The National Consumer Council (NCC) is reviewing the range of charters issued by the public services and is drawing up a charter check- list. It is also involved with the Audit Commission and leading charter councils in a 'Charter Summit' in Leicester on Wednesday. David Leabeater, the NCC's senior policy and development officer, says: 'There are 30-plus charters across the public services and they are growing in number - for example, there is a patient's charter for England, and with a cascading effect, numerous local ones. Voluntary charters in local government often predated the Government's initiative. We are applying three principles to these charters: that consumers should be consulted; that they should provide information and accountability; and that there should be a system of redress.
'The impression I get is that some of the documents provide a lot of detail on how to gain access (to complaints procedures). Others have considerably less information. Consumers should be consulted about the complaints procedure. Is it user-friendly? What do people want?'
Organisations that are subject to an ombudsman who may make ex gratia payments should recognise this within their own systems, suggests the NCC. 'The local government ombudsman considers the amount of hassle citizens are put to,' Mr Leabeater says. 'That suggests, if it's good enough for the ombudsman it should be something others should consider.'
The Local Government Management Board has published a guide to complaints services and recognises that the question of financial compensation is something that councils should consider. Lesley Race, who wrote the guide, says: 'There is a tension between service provision and giving money away. In many services it is difficult to identify who the customer is, for example in education. Compensation is not as well developed as the complaints system. A lot of complainants say they want to make sure the same thing does not happen to others. An apology goes a long way.'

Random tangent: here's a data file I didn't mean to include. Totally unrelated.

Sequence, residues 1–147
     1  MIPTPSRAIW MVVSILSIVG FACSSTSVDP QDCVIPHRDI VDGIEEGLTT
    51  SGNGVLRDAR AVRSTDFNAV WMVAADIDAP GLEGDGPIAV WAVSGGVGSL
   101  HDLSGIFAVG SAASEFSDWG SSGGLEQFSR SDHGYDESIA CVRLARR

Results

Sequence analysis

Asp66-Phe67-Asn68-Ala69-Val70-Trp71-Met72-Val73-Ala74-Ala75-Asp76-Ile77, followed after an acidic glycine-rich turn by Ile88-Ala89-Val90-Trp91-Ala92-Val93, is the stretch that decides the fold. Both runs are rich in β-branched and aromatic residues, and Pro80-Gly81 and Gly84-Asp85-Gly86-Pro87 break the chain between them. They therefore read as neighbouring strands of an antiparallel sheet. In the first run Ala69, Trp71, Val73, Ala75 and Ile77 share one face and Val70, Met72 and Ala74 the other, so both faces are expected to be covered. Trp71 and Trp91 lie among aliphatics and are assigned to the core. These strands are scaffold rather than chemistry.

Ms Race suggests that some instances are more obviously appropriate for financial compensation than others. 'If the person has had detriment caused to them, or they have to pay out money themselves. The ombudsman can request payment in circumstances such as this, or for distress or suffering caused.'
Many of the councils are concerned that compensation can simply be an added burden on councils, making them less able to provide services effectively. It is an unease that is shared by all political viewpoints. Labour-controlled Leicester council referred to the originator of the Citizen's Charter, Dr Madsen Pirie of the right-wing think-tank, the Adam Smith Institute.
In arguing for the adoption of charters Dr Pirie wrote: 'Any compensation must be structured so that it does not simply come as an added burden on taxpayers . . . The object is to improve the public services by equipping citizens with rights of redress, not to open state coffers to potentially unlimited demand.'